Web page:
The taper is here, and the stock market seems to love it

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Even the journey of $4 trillion dollars begins with a single taper.

The Federal Reserve took its first concrete steps today toward unwinding the extraordinary monetary policy it undertook after the Great Recession hit in order to spur economic growth.

The US central bank announced it would reduce its monthly bond-buying program by $10 billion beginning in January. The much-awaited decision to ease up on economic support has preoccupied financial markets for months, ever since Fed chairman Ben Bernanke first raised the possibility in May.

Of course, even with the $10 billion taper, the Fed will be buying $75 billion in Treasurys and government-guaranteed mortgage bonds a month, which should continue to exert downward pressure on long-term interest rates, all else equal. And that means the Federal Reserve’s roughly $4 trillion balance will continue to grow for quite some time.


But in a heartening sign, the US stock market cheered the news—which hit at 2:00pm—that the Fed felt good enough about the economy to begin to ease up on the amount of support it’s providing. Many have credited the Fed’s bond-buying program—which essentially creates new money and tries to push it into the economy through the banking system—as one reason why stocks have done so well in recent years.


Perhaps the stock market is taking the taper in stride because it was accompanied by another change. The Fed moved to make sure short-term interest rates stay low by emphasizing that it would keep the key Federal Funds target rate parked near zero well past the time that unemployment falls to 6.5%. The Fed also signaled that it was keeping a close eye on inflation that continues to undershoot its target. (For central bankers, the risk of deflation—or a broad based decline in prices—is a very scary thing, as it can represent a serious headwind against economic growth.)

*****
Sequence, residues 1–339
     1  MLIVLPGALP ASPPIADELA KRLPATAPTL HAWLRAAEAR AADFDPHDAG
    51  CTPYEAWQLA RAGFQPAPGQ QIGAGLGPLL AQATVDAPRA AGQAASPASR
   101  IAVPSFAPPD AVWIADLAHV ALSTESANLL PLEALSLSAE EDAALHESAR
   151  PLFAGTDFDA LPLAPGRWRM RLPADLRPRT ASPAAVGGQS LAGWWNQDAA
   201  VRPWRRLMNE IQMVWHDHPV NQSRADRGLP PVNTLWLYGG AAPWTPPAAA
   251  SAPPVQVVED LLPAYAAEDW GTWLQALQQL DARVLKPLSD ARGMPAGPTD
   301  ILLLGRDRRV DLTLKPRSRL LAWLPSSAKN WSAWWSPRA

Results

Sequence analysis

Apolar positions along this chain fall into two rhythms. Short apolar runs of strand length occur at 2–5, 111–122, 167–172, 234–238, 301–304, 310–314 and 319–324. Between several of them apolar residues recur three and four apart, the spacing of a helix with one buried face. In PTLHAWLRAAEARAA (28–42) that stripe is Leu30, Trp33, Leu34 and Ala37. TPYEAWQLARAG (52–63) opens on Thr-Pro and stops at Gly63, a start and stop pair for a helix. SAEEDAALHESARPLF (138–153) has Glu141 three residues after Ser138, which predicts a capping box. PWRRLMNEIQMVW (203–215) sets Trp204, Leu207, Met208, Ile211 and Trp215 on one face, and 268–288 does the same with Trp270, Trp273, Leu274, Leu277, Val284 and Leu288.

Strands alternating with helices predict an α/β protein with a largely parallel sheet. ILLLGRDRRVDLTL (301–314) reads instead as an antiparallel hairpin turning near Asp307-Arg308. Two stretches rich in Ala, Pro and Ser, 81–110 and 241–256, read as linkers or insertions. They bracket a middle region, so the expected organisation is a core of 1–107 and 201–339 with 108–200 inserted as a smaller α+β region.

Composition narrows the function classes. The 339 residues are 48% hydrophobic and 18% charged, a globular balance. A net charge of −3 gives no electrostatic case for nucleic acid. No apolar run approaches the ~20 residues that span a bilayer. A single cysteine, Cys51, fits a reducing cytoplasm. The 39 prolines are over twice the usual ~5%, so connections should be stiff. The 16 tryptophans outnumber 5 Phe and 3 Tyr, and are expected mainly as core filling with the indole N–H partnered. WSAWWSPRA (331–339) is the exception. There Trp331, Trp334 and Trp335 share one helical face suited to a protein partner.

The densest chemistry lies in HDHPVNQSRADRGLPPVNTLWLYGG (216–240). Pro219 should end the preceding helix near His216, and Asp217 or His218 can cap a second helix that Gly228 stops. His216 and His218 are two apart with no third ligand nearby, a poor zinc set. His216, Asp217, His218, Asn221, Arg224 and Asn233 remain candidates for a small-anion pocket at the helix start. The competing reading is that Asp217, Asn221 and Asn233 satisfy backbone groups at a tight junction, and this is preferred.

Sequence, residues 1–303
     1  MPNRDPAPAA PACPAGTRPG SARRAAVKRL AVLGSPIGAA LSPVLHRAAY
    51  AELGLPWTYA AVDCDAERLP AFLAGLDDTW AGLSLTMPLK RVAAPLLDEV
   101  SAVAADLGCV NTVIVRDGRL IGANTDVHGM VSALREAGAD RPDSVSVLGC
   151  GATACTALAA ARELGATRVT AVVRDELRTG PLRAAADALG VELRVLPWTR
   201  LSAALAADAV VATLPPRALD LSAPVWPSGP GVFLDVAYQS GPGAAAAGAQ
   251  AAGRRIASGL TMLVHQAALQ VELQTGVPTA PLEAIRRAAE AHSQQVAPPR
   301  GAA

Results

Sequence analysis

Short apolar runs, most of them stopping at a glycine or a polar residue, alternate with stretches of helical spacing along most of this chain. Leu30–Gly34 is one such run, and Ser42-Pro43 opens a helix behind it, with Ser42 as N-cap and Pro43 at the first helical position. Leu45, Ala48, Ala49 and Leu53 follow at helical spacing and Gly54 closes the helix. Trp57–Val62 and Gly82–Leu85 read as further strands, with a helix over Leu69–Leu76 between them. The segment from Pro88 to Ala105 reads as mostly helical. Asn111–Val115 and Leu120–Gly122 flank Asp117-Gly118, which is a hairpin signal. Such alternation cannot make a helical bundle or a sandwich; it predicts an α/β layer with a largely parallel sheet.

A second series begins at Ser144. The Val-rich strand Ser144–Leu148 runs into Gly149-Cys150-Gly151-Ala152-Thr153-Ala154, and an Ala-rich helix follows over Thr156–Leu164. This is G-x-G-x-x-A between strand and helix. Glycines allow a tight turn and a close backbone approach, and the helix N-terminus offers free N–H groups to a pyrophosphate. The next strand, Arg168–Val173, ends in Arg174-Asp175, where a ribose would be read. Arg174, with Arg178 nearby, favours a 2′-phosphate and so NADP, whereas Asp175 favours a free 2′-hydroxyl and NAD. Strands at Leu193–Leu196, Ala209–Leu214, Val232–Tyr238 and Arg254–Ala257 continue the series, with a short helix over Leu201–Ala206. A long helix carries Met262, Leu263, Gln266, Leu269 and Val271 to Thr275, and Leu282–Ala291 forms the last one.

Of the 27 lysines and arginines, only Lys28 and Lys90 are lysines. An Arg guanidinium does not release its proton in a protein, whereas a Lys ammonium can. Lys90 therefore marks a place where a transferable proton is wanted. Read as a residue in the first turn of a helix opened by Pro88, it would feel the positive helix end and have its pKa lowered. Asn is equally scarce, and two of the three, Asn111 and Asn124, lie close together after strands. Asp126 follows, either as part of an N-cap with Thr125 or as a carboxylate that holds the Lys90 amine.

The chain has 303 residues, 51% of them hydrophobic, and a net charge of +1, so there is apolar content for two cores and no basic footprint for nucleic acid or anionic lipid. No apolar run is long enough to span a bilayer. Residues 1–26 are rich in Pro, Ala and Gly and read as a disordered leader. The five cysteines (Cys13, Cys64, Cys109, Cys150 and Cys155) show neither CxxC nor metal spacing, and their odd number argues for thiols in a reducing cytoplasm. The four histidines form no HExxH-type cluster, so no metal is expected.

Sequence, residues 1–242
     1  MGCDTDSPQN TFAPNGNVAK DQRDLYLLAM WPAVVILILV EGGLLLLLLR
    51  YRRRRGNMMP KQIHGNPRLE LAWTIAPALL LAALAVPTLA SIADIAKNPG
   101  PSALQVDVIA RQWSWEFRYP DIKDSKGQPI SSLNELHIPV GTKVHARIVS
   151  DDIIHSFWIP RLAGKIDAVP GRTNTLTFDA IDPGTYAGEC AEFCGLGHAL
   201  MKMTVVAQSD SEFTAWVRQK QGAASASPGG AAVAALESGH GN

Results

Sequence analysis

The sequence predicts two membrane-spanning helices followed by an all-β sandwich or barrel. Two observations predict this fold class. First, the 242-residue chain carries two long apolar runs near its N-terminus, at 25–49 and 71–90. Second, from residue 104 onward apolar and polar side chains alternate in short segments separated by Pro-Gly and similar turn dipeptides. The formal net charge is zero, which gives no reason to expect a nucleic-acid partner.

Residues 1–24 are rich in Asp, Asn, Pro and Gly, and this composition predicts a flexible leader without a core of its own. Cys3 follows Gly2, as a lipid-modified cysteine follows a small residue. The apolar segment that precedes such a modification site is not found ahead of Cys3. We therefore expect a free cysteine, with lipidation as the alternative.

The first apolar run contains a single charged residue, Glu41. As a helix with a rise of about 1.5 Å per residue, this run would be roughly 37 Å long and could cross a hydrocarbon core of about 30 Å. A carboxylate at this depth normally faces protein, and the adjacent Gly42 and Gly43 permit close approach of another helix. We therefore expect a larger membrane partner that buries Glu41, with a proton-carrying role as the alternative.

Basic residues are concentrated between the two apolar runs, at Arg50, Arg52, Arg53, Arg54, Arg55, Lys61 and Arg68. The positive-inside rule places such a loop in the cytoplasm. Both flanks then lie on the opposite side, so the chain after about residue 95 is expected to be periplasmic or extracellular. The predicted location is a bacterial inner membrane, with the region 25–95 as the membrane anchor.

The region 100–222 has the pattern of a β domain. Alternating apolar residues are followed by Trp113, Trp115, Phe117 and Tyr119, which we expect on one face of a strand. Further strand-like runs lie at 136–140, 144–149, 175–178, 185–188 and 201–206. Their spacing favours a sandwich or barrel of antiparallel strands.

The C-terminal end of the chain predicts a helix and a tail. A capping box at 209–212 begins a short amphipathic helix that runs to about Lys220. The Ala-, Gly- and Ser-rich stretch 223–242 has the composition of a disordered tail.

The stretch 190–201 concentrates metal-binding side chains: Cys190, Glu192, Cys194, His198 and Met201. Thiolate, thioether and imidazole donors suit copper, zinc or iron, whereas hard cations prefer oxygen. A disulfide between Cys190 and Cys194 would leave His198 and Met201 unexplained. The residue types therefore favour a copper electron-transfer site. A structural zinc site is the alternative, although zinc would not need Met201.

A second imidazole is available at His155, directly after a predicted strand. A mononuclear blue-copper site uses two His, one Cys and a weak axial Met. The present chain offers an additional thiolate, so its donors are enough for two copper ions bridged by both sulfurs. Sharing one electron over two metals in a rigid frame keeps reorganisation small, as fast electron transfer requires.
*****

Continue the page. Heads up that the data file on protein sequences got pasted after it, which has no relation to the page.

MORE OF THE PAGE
“The Committee recognizes that inflation persistently below its 2 percent objective could pose risks to economic performance, and it is monitoring inflation developments carefully for evidence that inflation will move back toward its objective over the medium term,” the FOMC statement said.

​The Fed’s preferred gauge of inflation has been falling below the central bank’s 2.00% target for a while.
​The Fed’s preferred gauge of inflation has been falling below the central bank’s 2.00% target for a while.

“This is a very dovish taper-lite where the Fed has done its utmost to provide an offset with its forward guidance, notably on the inclusion of inflation in the unemployment threshold,” wrote Deutsche Bank foreign exchange analysts after the Fed announced its move.

Translation? Even though the Fed announced the taper, its focus on low inflation suggests that it will continue to be a large presence in the markets for some time to come. Stock market investors seem to like the sound of that.